“Oh woe is me,” said Scruffy Man, sitting at the diner counter. The Scruffy Man in oversized overalls, bushy eyebrows and a stained white t-shirt missing one of its sleeves. His red hair swirled on his head like a whirlpool, making it impossible for even the most attentive eye and fashion-plate mind to understand how on earth the hair had arrived at its visually dysfunctional resting place.
“I am the garden fool,” Scruffy Man went on. “All the planting for naught. Seeds unsown, dreams all famished.” Here he belched and scratched his groin with his left hand. Then, in a whisper, “Famished.”
No one knew what to say. This was not the first time Scruffy Man had let loose with phrases linked to a reality that only he and he alone understood.
“You know, son,” said Scruffy Man to the elderly man sitting to his right at the counter, a man easily 30 or more years his senior, “at night I remove my head and place it on the night stand. Never have bad dreams that way.”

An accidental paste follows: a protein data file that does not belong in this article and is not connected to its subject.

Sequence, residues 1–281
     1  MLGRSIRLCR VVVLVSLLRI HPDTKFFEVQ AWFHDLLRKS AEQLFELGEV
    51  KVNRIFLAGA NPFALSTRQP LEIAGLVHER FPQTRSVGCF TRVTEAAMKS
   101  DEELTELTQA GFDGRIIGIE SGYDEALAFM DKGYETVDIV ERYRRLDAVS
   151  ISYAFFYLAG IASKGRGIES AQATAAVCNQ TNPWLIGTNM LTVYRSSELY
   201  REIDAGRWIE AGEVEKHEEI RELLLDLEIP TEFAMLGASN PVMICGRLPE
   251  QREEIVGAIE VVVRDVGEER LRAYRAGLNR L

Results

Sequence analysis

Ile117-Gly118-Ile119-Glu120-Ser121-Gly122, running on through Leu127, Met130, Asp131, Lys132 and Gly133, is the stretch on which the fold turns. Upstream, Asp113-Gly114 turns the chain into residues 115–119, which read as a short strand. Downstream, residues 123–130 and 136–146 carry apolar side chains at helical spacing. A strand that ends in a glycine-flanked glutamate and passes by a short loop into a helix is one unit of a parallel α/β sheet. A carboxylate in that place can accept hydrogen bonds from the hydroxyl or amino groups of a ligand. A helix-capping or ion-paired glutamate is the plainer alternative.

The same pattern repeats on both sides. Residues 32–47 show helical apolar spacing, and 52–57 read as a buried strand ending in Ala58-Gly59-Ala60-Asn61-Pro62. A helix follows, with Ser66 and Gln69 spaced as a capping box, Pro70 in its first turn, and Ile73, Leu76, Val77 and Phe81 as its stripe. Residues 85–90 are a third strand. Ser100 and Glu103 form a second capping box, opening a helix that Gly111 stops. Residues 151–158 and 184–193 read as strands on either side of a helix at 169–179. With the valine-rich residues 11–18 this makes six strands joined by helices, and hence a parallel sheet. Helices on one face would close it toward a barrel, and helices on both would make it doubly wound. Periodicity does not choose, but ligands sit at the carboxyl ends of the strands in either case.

The elderly man lifted his coffee mug in a toast, “Not a bad idea come think of it.”
Scruffy Man, in a whisper that only allowed everyone in the diner to hear, said, “Can’t get that woman out of my head.”
“Even when it’s on the night stand?”
“I know she’s in there.”
Outside the sun slipped behind a cloud, the light in the diner dipped into dusk, the diner lights suddenly stark, surreal.
Scruffy Man looked out the window, “I know she’s in there.”
The Older Man looked down at his forearms resting on the counter. A tattoo of a parrot was on his left arm and a tattoo of an empty cage was on his right. He’d gotten both 10 years earlier on his sixty-seventh birthday because it was then, after the death of his beloved wife Dora, he realized, finally, he would never go home again. No one goes home again.